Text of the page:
Playwright Stuart Mentha: author of highly anticipated new play ‘False Friends’ (debuting at Prague Fringe Festival)


The 12th annual Prague Fringe Festival begins on Friday evening in the Czech capital. As always, the fest offers a wide range of theatre from all around the world. Prague-based playwright Stuart Mentha, who had success with his debut Déjà Vu last year is also back. Friday sees the premiere of his new play ‘False Friends’. He told me more about it at Czech Radio this week.

Stuart Mentha, photo: archive of Stuart MenthaStuart Mentha, photo: archive of Stuart Mentha I also asked him how he first came to the Czech Republic.

“I’ve been in Prague for almost four years and I came over because of a girl as is often the case and I ended up staying here longer than I expected. I fell in love with the city and I continue to enjoy living here. I think it’s fantastic.”

Did you also live in other parts of Europe before moving here?

“I did, I lived in Turin, Italy, where I was studying literature and art and culture for four months and then I travelled around Europe, backpacking, before settling here. I feel very comfortable here, very much European as well as Australian. My mother is Dutch, she moved to Australia when she was six, but I had that background and that definetly influenced me.”

You made your debut last year at the Prague Fringe Festival with your first play Déjà Vu, which was a big hit. One of the things that I read about the play is that you use as a departure point the ‘ordinary’. For you as a writer, do you enjoy twisting the ordinary in ways that are unexpected?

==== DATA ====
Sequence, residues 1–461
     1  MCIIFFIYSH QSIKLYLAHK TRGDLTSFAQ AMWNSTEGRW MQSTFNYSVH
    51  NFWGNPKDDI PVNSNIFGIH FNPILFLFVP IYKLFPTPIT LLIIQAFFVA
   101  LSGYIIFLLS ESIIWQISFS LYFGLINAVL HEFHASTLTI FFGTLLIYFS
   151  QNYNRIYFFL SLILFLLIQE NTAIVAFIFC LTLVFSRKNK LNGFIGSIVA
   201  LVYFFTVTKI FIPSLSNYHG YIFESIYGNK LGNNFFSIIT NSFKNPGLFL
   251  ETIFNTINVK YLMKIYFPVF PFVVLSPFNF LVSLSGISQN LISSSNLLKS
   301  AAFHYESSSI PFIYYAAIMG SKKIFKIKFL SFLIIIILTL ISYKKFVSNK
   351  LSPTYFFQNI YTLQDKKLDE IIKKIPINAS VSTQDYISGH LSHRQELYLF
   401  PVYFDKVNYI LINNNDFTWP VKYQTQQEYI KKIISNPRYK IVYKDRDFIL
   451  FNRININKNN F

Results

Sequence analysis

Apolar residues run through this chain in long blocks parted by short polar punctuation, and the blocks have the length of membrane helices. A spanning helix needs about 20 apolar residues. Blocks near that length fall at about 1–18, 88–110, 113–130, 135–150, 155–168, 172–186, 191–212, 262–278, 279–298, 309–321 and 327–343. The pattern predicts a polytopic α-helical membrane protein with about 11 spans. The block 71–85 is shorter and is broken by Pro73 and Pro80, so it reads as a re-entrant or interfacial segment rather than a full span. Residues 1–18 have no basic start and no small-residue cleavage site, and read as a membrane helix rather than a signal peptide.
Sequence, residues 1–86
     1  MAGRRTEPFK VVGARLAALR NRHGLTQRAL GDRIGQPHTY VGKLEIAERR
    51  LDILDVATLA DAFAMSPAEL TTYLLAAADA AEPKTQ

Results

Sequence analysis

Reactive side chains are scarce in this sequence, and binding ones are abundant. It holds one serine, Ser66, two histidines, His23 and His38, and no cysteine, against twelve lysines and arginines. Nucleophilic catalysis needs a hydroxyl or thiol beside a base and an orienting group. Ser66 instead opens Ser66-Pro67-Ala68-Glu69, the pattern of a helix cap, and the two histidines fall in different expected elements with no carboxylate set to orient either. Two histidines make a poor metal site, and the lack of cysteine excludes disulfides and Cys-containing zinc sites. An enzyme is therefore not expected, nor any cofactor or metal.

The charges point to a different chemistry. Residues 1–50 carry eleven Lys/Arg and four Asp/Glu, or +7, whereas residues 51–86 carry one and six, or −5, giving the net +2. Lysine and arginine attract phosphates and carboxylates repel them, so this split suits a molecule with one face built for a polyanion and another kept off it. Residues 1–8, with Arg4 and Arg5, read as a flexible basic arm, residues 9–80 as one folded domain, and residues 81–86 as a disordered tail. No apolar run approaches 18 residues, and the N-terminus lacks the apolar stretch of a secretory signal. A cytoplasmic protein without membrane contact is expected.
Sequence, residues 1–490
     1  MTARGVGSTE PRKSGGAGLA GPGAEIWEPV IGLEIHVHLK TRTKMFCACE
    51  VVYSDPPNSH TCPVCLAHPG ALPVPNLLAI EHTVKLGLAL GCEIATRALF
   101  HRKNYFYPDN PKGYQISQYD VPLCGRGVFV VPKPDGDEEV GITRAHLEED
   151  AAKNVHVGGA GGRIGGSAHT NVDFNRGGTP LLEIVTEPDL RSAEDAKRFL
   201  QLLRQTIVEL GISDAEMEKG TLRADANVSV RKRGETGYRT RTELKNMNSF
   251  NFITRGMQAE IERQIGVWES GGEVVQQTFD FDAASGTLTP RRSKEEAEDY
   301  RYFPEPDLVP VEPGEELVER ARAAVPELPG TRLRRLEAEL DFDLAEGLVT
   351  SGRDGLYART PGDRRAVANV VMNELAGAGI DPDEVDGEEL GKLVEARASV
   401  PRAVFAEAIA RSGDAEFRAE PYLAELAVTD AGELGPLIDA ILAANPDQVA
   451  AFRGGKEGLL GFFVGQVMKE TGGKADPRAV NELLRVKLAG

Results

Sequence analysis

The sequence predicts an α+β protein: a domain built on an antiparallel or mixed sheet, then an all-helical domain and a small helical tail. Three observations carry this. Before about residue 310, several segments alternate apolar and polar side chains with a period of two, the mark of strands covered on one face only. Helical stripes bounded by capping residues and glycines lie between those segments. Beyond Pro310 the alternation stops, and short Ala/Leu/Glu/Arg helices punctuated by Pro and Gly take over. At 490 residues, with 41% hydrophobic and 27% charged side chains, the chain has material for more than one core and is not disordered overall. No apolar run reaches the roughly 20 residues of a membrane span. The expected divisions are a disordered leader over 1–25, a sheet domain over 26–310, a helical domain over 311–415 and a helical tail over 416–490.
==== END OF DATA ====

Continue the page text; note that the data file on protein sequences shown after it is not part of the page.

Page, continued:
“Absolutely. What I wanted to do was create something that was very surreal and abstract that people would think was completely absurd and would think could never happen in real life. And I wanted to send a message that it was not as absurd as real life and that’s part of the twist in the play as well. These oranges... at first you think they can’t possibly have a ‘reason’ and I wanted it to be a dreamscape in which these oranges are everywhere. They come out of teapots and they come out of pockets, and so on. But then by the end of the play the audience realises just ‘why’ these oranges are there. I don’t want to give away the ending, of course.”

'Déjà Vu', photo: archive of Stuart Mentha'Déjà Vu', photo: archive of Stuart Mentha That is one of the pleasures of writing this kind of work, isn’t it? To keep the audience in the dark for a certain amount of time...

“It is. I was watching an interview with Tom Stoppard and he was saying that the skill of good playwriting is that you have a bag of information but that you leak only a little bit at a time to keep them entertained and to keep them wanting more information. That is definitely what I aspire to do as well, to trick people a little. I think people enjoy being tricked to a degree in films or theatre: people want twists and they want hidden information and it’s all about hitting the right balance in how you hide and reveal information...”